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Using Radio Buttons7:50 with James Churchill
Next, let’s update the “Intensity” field to use radio buttons.
To follow along commiting your changes to this course, you'll need to fork the aspnet-fitness-frog repo. Then you can clone, commit, and push your changes to your fork like this:
git clone <your-fork> cd aspnet-fitness-frog git checkout tags/v3.3 -b using-radio-buttons
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For more information on how to style forms using Bootstrap, see this page on the Bootstrap documentation website.
F12- Go To Definition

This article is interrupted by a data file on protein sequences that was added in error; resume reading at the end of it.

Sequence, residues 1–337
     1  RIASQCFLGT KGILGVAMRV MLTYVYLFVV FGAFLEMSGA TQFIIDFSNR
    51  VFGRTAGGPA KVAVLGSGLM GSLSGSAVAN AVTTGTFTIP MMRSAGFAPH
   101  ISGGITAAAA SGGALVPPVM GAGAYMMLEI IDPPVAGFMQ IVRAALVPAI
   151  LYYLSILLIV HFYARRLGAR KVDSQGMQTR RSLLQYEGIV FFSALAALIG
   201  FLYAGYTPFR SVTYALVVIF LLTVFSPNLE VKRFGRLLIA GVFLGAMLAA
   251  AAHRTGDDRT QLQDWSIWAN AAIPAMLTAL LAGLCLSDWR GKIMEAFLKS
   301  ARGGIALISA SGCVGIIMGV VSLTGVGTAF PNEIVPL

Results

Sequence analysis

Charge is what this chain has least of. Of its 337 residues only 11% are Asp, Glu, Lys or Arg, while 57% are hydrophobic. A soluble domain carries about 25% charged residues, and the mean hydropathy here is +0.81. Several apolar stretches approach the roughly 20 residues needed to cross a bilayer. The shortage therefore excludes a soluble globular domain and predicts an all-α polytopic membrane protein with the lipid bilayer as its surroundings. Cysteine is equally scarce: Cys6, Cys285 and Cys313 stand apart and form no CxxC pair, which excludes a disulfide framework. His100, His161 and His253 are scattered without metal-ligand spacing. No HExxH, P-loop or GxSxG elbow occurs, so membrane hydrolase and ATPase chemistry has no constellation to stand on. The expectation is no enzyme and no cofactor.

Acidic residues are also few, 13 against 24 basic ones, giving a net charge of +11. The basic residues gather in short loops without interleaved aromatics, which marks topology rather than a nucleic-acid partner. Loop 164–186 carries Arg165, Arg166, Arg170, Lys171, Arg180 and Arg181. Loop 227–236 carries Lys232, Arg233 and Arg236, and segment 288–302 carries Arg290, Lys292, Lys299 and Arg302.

Next, let's update the intensity field to use radio buttons. 0:00 Why radio buttons? 0:04 To answer that question, let's review our entry data model. 0:06 We can use this drop-down list to navigate to the Intensity property. 0:10 The Intensity property is of type IntensityLevel. 0:14 We can put our cursor on the data type and press F12 to navigate to the definition. 0:18 IntensityLevel is defined as an enum containing three values, 0:24 Low, Medium and High. 0:28 We could use a drop-down list for this field. 0:31 But with only three possible values, I think it makes sense to use radio buttons. 0:33 Radio buttons are like check boxes, in that they are either on or off. 0:38 But unlike check boxes, 0:43 when they are put into groups only one radio button can be selected at a time. 0:45 This sounds perfect for the Intensity field. 0:50 Here's the markup that we want to implement. 0:52 Notice that the input elements all have the same name attribute value. 0:55 This is what groups these radio buttons together, so 1:02 only one of them can be selected at a time. 1:05 The value attribute is the value that will be submitted to the server for 1:07 the selected item. 1:11 Let's open our Add View. 1:16 We can render this markup using the radio button for HTML helper method. 1:18 Go ahead and remove the call to the TextBoxFor method. 1:23 Add a div element. 1:31 Then make our first call to the RadioButtonFor method. 1:34 The first parameter is the lambda expression for 1:43 the model property that we're rendering a radio button for. 1:46 The second parameter is the object representing the radio button's value. 1:54 I'll start with using the string literal Low. 1:59 Then, after the method call, 2:02 we can type the text that will display to the right of the radio button. 2:04 Now we just need to repeat that twice more, once each for Medium and High. 2:09 @Html.RadioButtonFor, m 2:14 goes to m.Intensity. 2:20 Then the value Medium, and 2:28 to the right of the method call the text Medium. 2:31 @Html.RadioButtonFor, m goes to 2:36 m.Intensity, then the value High, 2:41 and then to the right High again. 2:47 Let's review our progress. 2:52 Press F5 to run our app. 2:53 Here are our radio buttons. 2:57 So far so good, but you can't click on the label to select a radio button. 3:00 You have to click on the radio button itself. 3:06 We'll work on fixing that in a bit. 3:09 Switching back to our view, I'm not happy with the string literals that we used for 3:12 Low, Medium and High. 3:16 Remember our IntensityLevel enum? 3:18 Let's see how we can use enums instead of strings. 3:20 First, we need to add the namespace for 3:23 our data models by adding a using directive right below the model directive. 3:26 @using Treehouse.FitnessFrog.Models. 3:30 If we didn't define our namespace we'd need to use the fully qualified 3:39 namespace for our IntensityLevel enum, which is 3:44 Treehouse.FitnessFrogModels.Entry.Intensi- tyLevel. 3:48 I'd much rather type Entry.IntensityLevel. 3:52 Now we can replace our strings with the corresponding enum values. 3:56 Entry.IntensityLevel.Low 4:11 Then to the right, @Entry.IntensityLevel.Low. 4:20 Then for Medium, Entry.IntensityLevel.Medium, 4:31 and to the right again, 4:38 @Entry.IntensityLevel.Medium. 4:41 And for High, Entry.IntensityLevel.High, 4:54 and again to the right, @Entry.IntensityLevel.High. 5:00 Save the view and refresh the page. 5:07 Great, looks the same as it did before. 5:11 By switching to the enum values we've reduced the chance for errors, and 5:14 made it easier to maintain our app. 5:18 Before we wrap up this video, let's fix our radio button labels by reviewing 5:20 the Bootstrap documentation at getbootstrap.com. 5:25 Click on CSS at the top, and then on Forms here on the right. 5:30 Then scroll down until you see the radio button examples. 5:37 Here's the Checkboxes and radio buttons section. 5:44 And a bit further down is an example of inline radio buttons. 5:49 Looks like we just need to surround each of the radio buttons with a label 5:54 containing the CSS class radio-inline. 5:59 Label class= radio-inline, 6:09 Then cut and paste our call to the RadioButtonFor method inside of the label. 6:16 Label class= radio-inline. 6:28 Again, cut and paste the RadioButtonFor method call inside of the label. 6:35 And one more time. 6:48 label class= radio-inline, and then cut and 6:50 paste the call to the RadioButtonFor method. 6:55 Save the view and refresh the page. 7:07 The layout is improved, and 7:13 we can now click on a label to select that radio button. 7:14 Having a larger click target will help users select the correct value. 7:19 Go ahead and stop the app. 7:24 If you're using GitHub, let's commit our changes. 7:27 Enter a commit message of Updated the Intensity field 7:33 to use radio buttons, and click the Commit All button. 7:38 Next up, we'll update the exclude field to use a check box. 7:46
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